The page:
Morgan took that first painting, “Bouquet for Mother,” which depicted children putting flowers on a blanket, to a gallery and “everybody went nuts,” he says. Morgan quickly earned several honors and opportunities to show at prestigious galleries.
Leaving the world of media, he began painting stories from the Bible, including Jesus walking on water and turning water into wine. He only stopped doing biblical scenes when he ran out of ideas he was passionate to paint. Morgan didn’t want to create portraits of Christ holding kittens and puppies just because they might sell, he says. He began to focus on the late 19th-century pioneer life in North America as his subject matter.
Morgan aims to capture the joy and value of work in that simpler era, each painting telling a story. “The light of Christ is in these paintings,” he says. “[They also show] the virtues of hard work.” The paintings he does uphold wholesomeness and the values that the U.S. was built on. “God shut a door on illustration and opened up one that really lets me paint my heart. Every painting I do, I pray He helps me. So my faith in the future is set in hoping that I continue to let Him use my hands.”
Leaving a legacy
Morgan’s wife, JoAnn, has also developed into a master painter, receiving among other prizes the 2019 Autry Museum’s Artist Choice Award. “I have always tried to follow the leading the from Lord on what He would have me paint and leave it in His hands to use it,” she says.
The couple’s older daughter, 24-year old Brittany, has modeled for her parents ever since she was a toddler and is following in her parents’ brushstrokes. As a teen, she earned money painting portraits, and in 2011 she was invited to show her work at a master’s exhibit when she was only 15. Thirteen-year old daughter Sienna has also shown a strong interest and talent in painting, but Morgan has mixed feelings about that, commenting, “Boy, it’d sure be nice to have a doctor or something else in this family.”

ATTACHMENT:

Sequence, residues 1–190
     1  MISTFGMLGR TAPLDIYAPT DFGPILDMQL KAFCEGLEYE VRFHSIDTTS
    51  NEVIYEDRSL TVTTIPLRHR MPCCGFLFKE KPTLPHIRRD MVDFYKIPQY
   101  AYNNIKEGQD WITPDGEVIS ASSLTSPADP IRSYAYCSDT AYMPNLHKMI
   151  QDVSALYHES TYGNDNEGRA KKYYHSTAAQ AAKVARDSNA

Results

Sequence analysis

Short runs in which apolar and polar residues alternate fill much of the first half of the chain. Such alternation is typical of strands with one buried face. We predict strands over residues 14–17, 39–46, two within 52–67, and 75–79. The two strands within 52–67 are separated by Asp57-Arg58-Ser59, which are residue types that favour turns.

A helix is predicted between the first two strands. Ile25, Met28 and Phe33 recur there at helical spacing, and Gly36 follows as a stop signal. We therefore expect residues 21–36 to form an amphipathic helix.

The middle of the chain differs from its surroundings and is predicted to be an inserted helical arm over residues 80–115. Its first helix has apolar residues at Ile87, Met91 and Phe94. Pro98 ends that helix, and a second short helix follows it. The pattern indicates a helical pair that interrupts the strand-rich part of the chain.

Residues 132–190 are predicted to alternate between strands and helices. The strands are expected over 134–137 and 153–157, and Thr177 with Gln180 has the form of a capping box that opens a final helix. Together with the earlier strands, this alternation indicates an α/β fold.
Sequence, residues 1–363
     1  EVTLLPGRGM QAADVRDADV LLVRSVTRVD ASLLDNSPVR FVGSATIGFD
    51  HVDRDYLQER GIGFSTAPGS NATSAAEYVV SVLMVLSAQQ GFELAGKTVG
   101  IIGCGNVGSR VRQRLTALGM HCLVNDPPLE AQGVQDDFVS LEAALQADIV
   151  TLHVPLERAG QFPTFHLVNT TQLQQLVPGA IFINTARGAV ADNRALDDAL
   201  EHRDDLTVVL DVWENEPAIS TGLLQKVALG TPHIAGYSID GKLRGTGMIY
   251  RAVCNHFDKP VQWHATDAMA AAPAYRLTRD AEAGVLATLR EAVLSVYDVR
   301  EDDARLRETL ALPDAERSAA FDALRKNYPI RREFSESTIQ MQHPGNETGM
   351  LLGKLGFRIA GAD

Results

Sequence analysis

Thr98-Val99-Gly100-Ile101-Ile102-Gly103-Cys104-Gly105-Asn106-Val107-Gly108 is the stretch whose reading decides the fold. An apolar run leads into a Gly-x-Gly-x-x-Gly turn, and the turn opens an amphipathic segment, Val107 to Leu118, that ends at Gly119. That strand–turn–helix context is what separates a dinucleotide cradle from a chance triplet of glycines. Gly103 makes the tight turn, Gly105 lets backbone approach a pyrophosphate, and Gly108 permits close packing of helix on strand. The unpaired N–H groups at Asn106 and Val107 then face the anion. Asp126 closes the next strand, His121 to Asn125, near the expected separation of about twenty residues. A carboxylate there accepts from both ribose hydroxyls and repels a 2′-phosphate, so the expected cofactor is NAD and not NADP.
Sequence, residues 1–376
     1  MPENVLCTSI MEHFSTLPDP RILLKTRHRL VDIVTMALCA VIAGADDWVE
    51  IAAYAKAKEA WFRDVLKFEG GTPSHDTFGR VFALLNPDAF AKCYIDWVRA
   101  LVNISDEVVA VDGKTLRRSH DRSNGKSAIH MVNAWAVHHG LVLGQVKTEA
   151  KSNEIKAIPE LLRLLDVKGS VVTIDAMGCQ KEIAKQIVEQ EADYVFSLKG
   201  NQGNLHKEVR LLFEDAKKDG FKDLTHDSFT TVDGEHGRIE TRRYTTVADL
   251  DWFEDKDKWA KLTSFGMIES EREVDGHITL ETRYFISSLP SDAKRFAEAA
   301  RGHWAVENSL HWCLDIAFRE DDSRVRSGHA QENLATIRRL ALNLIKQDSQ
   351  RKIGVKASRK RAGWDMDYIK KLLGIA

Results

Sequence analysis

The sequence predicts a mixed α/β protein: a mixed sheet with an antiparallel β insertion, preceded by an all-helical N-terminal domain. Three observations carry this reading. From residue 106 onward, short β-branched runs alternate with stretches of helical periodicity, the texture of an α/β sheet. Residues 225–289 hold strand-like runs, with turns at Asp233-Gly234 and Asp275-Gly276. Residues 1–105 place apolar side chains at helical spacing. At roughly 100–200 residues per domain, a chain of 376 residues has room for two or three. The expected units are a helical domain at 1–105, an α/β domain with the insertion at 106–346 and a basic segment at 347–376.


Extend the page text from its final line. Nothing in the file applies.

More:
The girls have learned to use their talents to honor God in the same way they learned art — by example. Both Morgan Weistling and JoAnn Peralta have studios on their property, and their daughters have open access to their parents during the day — as do the ducks and pigs Morgan uses as models.
“JoAnn and I have always taught our daughters that they need to know and recognize the gifts that God has given them to use for His glory,” Morgan says. “I have always been clear to them that being an artist and a Christian is not different than being a plumber, mechanic or whatever else people have gifts for. What’s important is that whatever they do, they give it their best effort because God didn’t give these gifts to be used halfheartedly.”
The future for Morgan
Morgan Weistling once wanted to be immortal through art, to have the world remember him through his work. Now he believes his daughters may one day eclipse him in talent — he jokes he’s just “Brittany Weistling’s father” in the art world, and that’s OK. He’s content to let God use his artistic talent one painting at a time. And he’s interested in creating a home as a legacy, a place where he’s hoping he can one day paint his grandchildren playing in the studio with the ducks.